What volume of 1 M HCl must be added to 100 mL of 0.1 M ammonia to prepare pH 10.0 buffer?

When buffers are prepared from a weak base, calculations can be done in two separate ways. We can use pKa of the conjugate acid, and Henderson-Hasselbalch equation in the pH form, or we can use pKb of the base, and Henderson-Hasselbalch equation in the pOH form. While the latter method yields the same result, we will not test it here, to keep to Brønsted-Lowry theory.

First, we will need pKa of the ammonia. Sometimes it is directly listed in the tables, but quite often what is listed is the pKb value of 4.75. It can be directly plugged into Henderson-Hasselbalch equation in the pKb form, but we will convert it to the pKa of the conjugate acid. Pretty simple, all we need to remember is the relationship 2.11

derived on the water ionic product page. Assuming pKw = 14 we have 2.12

and pKa = 9.25. Please remember it is pKa of the conjugate acid NH4+, with the dissociation reaction

NH4+ ↔ NH3 + H+

Next steps of the calculations are identical to the ones we have already seen. First, write Henderson-Hasselbalch equation: 2.13

Second, calculate ratio of the acid and conjugate base: 2.14

Third, we started with 0.1L×0.1 M = 0.01 moles of ammonia. We need to add n moles of HCl (let's say these n moles are in the volume V of the hydrochloric acid solution, so the final volume of the solution is V+0.05 L, as you will see V cancels out, so we will calculate it later from n), we assume protonation went to completion, so the number of moles of ammonia is 0.01-n, number of moles of NH4+ is n, and their concentrations are: 2.15 2.16

The concentration ratio is 2.17

and n = 0.00151 moles. As we were told to use 1 M solution, required volume is V=n/C=0.00151/1=0.00151 L or 1.51 mL.

How much HCl has to be added to 50 mL of 0.1 M sodium acetate to prepare pH 5.0 buffer?

While it looks as a completely different problem than the previous ones, it in fact doesn't differ at all from the question with buffer prepared from ammonia. Again, we will use the strong acid to produce a weak acid by protonating its conjugate base, and as usual, we will assume reaction went to completion:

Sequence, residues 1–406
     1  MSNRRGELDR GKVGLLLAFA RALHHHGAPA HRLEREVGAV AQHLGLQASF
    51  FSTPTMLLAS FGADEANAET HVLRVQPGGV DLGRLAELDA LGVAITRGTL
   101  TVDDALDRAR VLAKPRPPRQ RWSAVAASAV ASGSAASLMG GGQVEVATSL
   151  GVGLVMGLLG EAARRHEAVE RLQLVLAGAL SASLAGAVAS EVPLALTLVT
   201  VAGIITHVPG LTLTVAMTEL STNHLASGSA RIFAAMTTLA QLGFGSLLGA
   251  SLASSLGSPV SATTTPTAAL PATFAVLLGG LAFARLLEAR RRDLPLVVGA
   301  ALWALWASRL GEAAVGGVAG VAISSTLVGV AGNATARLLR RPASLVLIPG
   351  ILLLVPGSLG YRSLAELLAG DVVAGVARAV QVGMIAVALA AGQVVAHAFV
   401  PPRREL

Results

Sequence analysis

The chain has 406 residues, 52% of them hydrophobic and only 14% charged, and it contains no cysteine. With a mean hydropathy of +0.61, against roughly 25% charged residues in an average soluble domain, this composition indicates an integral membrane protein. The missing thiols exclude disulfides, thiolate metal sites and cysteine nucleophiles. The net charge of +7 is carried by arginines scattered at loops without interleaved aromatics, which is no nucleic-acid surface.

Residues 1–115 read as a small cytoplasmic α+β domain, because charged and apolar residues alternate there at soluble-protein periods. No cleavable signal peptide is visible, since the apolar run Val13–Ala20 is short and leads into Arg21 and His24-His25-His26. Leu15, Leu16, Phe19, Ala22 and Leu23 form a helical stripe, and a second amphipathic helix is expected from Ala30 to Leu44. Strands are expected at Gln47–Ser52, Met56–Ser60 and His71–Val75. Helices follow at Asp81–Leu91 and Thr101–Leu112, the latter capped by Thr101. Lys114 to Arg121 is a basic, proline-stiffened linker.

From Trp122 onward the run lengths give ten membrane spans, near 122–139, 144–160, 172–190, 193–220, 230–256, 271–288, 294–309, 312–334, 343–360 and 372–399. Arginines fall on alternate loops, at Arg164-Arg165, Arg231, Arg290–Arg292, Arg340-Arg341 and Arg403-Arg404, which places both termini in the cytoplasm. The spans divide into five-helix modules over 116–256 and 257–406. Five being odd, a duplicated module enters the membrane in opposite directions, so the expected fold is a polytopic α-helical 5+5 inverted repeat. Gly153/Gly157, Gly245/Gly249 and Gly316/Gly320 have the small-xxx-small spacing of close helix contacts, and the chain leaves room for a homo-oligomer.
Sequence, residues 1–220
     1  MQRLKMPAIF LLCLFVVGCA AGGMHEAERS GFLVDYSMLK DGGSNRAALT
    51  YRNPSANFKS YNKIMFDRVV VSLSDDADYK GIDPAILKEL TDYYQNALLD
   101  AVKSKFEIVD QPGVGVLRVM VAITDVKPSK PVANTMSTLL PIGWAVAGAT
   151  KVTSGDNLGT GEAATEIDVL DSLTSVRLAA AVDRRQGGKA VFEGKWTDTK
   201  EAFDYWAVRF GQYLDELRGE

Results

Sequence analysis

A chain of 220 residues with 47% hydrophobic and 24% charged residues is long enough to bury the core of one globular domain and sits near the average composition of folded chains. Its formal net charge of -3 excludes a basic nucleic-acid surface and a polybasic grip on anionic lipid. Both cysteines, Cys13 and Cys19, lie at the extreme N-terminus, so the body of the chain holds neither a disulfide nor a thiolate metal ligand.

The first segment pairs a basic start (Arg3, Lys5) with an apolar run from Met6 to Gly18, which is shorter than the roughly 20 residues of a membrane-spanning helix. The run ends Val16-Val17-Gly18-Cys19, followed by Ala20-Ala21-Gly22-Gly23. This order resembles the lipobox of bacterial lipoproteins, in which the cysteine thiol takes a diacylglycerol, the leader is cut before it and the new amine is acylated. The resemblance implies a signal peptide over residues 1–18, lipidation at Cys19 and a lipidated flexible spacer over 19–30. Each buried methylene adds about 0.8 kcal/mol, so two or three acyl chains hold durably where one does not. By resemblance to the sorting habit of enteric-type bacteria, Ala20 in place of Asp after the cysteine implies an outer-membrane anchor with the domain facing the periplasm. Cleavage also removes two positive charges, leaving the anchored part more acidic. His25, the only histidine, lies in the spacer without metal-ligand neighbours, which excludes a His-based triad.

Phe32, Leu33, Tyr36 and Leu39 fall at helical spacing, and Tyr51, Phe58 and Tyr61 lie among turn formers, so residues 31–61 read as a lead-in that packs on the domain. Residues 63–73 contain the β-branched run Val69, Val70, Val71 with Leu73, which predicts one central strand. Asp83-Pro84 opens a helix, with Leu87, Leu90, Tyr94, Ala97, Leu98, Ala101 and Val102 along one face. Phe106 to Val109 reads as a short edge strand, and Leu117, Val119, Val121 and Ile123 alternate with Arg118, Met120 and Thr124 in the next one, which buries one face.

NaAcetate + HCl → HAcetate + NaCl

Calculations are identical. First, we need to find the ratio between the acid and the conjugate base: 2.18

or (as we have already calculated in an earlier example): 2.19

Concentrations of the HAcetate and Acetate- in the solution after adding n moles of HCl in V L of the HCl solution are: 2.20 2.21

(where 0.005 mole is the initial amount of acetate present), and the ratio is 2.22

Now we can calculate n (required amount of HCl) to be 0.00180 moles. Not surprisingly, if you take a look at the earlier question (pH 5.0 buffer from acetic acid and NaOH) number of moles of NaOH calculated there was 0.00320, and 0.00320+0.00180 = 0.005 - which is a total number of moles of acetic acid and acetate present in both solutions.

How to prepare 200 mL of pH=4.5 0.1 M acetate buffer from 2 M acetic acid and 1 M sodium acetate?

As usual, we know ratio of concentrations from the Henderson-Hasselbalch equation: 2.23

or: 2.24

This question requires an additional step, as there is an additional constraint put on the buffer concentration. 0.1 M acetic buffer means that sum of concentrations of acetic acid and acetate is 0.1 M: 2.25

Now we have two equations in two unknowns, so we can solve them. This is a pretty simple algebra, yielding: 2.26

Sometimes this would be a final answer, in this case we need to do some additional dilution calculations. We need 0.2 L of the solution, it will contain 0.2 L×0.0640 M = 0.0128 moles of acetic acid, so we need 0.0128 moles/2 M = 0.0064 L (or 6.4 mL) of the 2 M acetic acid solution. We also need 0.2 L×0.0360 M = 0.00720 moles of sodium acetate, or 0.00720 moles/1 M = 0.0072 L (or 7.2 mL) of the 1 M sodium acetate solution. The final recipe is 6.4 mL of 2 M acetic acid, plus 7.2 mL of 1 M sodium acetate, filled up to 200 mL.

Note that in some earlier questions final concentration of the buffer was also controlled by the way it were prepared (almost no change in volume when adding solid NaOH, or mixing 0.1 M solutions of both acetic acid and sodium acetate). These are all valid methods of preparing the buffer of known concentration.